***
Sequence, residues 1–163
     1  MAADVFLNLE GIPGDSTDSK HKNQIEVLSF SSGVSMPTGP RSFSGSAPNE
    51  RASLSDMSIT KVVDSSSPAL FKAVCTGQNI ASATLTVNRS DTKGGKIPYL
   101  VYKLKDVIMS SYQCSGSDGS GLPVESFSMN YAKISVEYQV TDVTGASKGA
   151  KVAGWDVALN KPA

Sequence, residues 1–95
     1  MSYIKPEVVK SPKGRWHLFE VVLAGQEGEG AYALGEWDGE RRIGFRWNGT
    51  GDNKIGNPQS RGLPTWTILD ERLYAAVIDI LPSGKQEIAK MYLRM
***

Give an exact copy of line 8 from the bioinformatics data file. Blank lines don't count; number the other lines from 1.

    51  GDNKIGNPQS RGLPTWTILD ERLYAAVIDI LPSGKQEIAK MYLRM